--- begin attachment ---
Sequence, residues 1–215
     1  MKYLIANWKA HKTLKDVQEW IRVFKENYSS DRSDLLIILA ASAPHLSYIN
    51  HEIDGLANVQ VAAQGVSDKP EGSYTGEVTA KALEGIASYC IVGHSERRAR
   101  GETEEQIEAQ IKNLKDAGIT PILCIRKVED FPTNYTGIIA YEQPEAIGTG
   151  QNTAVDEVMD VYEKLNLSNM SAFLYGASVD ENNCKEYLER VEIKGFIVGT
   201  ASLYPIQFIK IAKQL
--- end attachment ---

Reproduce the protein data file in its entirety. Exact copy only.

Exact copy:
Sequence, residues 1–215
     1  MKYLIANWKA HKTLKDVQEW IRVFKENYSS DRSDLLIILA ASAPHLSYIN
    51  HEIDGLANVQ VAAQGVSDKP EGSYTGEVTA KALEGIASYC IVGHSERRAR
   101  GETEEQIEAQ IKNLKDAGIT PILCIRKVED FPTNYTGIIA YEQPEAIGTG
   151  QNTAVDEVMD VYEKLNLSNM SAFLYGASVD ENNCKEYLER VEIKGFIVGT
   201  ASLYPIQFIK IAKQL